The Politics of Grandeur: Ideological Aspects of de Gaulle's Foreign Policy
Cambridge University Press, Mar 6, 1980 - History - 319 pages
De Gaulle was the first major Western leader to pursue a foreign policy designed consistently to break the vicious circle of the Cold War and the straitjacket of the nuclear balance of terror between Russia and the United States. At the same time, he sought to establish in France a new set of institutions designed to break another vicious circle: that of the divisive conflicts between French social groups and political parties, which led to weak governments and an ineffective state. This book studies the link between these two aims, both by examining de Gaulle's political aims and style in a political and cultural context, and by looking first at French policy towards the Atlantic alliance, and then at the impact of de Gaulle's foreign policy on domestic politics. As a result, many of the orthodox notions about de Gaulle are questioned.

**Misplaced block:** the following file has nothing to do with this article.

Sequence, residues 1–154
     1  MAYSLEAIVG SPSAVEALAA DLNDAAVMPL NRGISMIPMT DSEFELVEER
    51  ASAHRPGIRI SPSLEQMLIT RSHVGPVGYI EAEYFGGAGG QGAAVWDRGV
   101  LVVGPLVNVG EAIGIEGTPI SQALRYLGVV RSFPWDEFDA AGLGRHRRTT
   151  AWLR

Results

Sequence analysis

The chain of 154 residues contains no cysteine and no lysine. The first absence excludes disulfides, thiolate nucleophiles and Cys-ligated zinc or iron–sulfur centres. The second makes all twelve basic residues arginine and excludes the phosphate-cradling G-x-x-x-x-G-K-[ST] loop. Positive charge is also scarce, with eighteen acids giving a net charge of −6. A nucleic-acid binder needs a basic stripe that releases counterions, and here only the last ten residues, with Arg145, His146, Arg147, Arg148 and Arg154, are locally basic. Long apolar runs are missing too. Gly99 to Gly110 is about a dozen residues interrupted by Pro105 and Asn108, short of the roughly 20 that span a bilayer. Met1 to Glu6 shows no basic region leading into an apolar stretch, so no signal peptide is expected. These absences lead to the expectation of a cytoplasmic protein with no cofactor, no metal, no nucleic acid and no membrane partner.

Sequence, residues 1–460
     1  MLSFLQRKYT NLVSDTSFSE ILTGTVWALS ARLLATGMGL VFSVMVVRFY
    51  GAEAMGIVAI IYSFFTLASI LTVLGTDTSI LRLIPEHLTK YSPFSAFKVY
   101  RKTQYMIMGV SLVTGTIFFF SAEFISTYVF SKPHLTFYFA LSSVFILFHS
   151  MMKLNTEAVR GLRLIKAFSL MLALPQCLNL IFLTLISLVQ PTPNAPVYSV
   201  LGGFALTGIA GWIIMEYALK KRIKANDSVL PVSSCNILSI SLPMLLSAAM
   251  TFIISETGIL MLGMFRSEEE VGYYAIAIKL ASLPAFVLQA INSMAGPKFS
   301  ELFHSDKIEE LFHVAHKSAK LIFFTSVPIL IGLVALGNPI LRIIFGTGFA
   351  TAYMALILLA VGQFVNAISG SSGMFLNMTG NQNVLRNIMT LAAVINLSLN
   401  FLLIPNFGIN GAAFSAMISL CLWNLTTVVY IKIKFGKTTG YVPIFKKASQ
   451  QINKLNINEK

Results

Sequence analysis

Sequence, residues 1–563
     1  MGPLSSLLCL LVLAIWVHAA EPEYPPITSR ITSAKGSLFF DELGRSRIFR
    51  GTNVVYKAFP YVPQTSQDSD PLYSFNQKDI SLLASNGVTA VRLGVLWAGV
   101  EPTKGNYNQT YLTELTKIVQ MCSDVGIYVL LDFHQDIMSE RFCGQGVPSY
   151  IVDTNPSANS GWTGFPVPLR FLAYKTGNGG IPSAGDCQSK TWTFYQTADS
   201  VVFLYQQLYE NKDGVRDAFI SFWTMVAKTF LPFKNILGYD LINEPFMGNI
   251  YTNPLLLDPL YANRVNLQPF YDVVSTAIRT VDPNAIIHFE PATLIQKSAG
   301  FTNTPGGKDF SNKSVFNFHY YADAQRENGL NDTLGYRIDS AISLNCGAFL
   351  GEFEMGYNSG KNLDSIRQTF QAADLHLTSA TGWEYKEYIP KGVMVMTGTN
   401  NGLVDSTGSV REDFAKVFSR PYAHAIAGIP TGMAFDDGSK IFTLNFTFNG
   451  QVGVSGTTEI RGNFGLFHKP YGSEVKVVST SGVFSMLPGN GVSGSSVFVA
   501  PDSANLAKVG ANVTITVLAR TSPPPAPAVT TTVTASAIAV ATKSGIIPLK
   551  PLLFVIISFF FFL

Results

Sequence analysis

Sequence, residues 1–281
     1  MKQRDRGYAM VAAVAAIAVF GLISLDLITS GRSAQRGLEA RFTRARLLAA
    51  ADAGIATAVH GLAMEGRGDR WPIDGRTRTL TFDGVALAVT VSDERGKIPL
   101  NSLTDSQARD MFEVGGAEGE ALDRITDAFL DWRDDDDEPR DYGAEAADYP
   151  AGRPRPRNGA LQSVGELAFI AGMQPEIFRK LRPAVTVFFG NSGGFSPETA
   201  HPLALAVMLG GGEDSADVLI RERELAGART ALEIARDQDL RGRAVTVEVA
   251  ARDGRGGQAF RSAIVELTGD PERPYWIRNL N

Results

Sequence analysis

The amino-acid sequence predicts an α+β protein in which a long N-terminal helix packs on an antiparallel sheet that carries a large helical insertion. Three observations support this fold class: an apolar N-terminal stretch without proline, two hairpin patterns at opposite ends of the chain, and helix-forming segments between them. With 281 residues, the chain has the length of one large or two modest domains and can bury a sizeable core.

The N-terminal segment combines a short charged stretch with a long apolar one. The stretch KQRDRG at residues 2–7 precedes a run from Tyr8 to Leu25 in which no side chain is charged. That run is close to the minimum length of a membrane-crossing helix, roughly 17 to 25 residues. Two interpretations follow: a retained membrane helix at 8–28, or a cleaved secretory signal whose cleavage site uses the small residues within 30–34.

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The philosophical roots of Gaullism
de Gaulles theory
National consciousness and the role of France in world
Raising the Atlantic question 195862
the phase of reactive assertion
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action Alfred Grosser allies American Atlantic Alliance Atlanticists balance become behaviour characterised charisma cold war Communist concept conflict context cooperation countries Couve de Murville create crisis cultural defence domestic dominance Eastern Europe economic Edelman effective elites emphasised Europe European factors Fifth Republic force de frappe forces Fourth Republic France France's Franco-American relations French foreign policy French International Policy French policy Gaulle Gaulle's foreign policy Gaullist party Gaullist policy German Giniral global goals grandeur groups Ibid ideological IFOP independence integration international system Kolodziej leader leadership legitimation ment military mobilisation nation-state national interest NATO nature norms nuclear weapons objectives organisation Paris particular period politique President presidential Press conference principles problem Raymond Aron reinforce relations response role sense significant social society Soviet Union Speech Stanley Hoffmann strategic structure superpowers symbolic Third World tion Tournoux traditional United West Germany